How some 'psychics' use psychology to screw you

June 17, 2015

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Let's cut to the chase. Most psychics are crooks. Most horoscopes are fluff. Most 'clairvoyants' are cheats. Whatever truth there is to be known is obscured by legions of charlatans and the Forer effect is one reason why.

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This article has been updated, but first appeared on our predecessor website, The Dirt Psychology.

Let's cut to the chase. Most psychics are crooks. Most horoscopes are fluff. Most 'clairvoyants' are cheats. I would never be so bold as to suggest that the entire enterprise built around the mystical understanding of the world is a sham, but certainly whatever truth there is to be known is obscured by legions of charlatans.

There are two reasons why these industries thrive:

  • our innate search for deeper meaning in this world is often most compelling when we're at our most vulnerable; and
  • because of the 'Forer Effect'.

The Forer effect is the bit we can do something about—an effect so commonly abused that it's also known as the Barnum effect.

The Forer effect

The Forer effect essentially describes the phenomenon in which, given a generic enough profile, people will tend to rate that profile as highly specific and relevant to them.

In 1949, Bertram Forer administered a test to his psychology students. A week later, he produced a 'individualised sketch' describing the personality of each student. He handed the sketches out and got the students to rate how accurate it was. What they didn't know was that each 'individualised sketch' was, in fact, the same sketch. Not only that, but the sketch was actually just a repurposed horoscope he pulled out of the local news stand.

The students were astounded by the accuracy of Bertram's analysis of their personality. The average rating of how accurate the 'individualised sketch' was came out at 4.26 out of 5. Since then the effect has been tested and re-tested both across the world and across different cultures with very similar results.

We're gullible, and here's why:

Wishful thinking. Or, as psychologists call it 'subjective validation'. When we encounter statements or signs that hold personal meaning for us, or align to our beliefs and values, we tend to assign it importance and thus 'validate' it as true regardless of its actual merit.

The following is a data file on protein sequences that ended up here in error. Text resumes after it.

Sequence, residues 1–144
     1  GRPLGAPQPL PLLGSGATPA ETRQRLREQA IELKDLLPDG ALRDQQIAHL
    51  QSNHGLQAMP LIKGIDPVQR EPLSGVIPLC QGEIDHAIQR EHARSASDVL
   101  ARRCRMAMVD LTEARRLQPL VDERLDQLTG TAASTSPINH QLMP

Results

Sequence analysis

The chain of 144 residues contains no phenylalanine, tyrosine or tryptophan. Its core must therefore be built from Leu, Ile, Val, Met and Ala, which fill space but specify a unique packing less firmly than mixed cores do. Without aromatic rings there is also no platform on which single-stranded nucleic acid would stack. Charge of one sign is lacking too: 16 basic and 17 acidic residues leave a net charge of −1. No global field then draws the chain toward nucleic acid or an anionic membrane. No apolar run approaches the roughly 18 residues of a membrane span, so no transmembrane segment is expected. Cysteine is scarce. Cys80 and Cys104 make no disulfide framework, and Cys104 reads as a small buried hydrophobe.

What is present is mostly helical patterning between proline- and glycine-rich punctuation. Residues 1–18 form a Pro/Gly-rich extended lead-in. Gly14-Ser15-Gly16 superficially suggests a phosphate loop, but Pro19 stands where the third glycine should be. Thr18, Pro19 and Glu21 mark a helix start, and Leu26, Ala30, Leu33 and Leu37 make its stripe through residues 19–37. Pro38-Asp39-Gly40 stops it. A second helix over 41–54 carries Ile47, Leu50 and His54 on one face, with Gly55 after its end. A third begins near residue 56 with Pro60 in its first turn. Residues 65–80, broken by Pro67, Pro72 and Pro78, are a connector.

This isn't a bad thing. It makes us attentive to those things that reinforce our self. But when used against us, it can be quite harmful.

But, it won't work all the time

The Forer effect is certainly more effective on those who have stronger beliefs in the paranormal. There's also some evidence to show that those who have a looser cognitive state (i.e. higher on a scale of schizotypy) are more vulnerable. That is, if you're more prone to what might be considered 'unusual' perceptions or have a more tangential thought process, you might be more likely to fall victim.

But, if the ratio between positive elements and negative elements aren't just right, the Forer effect will disappear. This is probably because of our ever protective self-serving bias. And, since the effect has only really been tested substantially on university students, it may well work differently on different populations. But let's be honest—probably not that differently.

So, don't just believe things that sound like they might be true. Don't fall victim to generic personality scales and tests. Look a little harder than the newspaper's 'astrology' section for insights about your life. And stop doing internet quizzes. If you really want to learn something about yourself, it's worth spending the time to learn the actual precursors to growth and success or spiritual fulfilment. It's also kind of generic, but it's far more free and it'll actually help.

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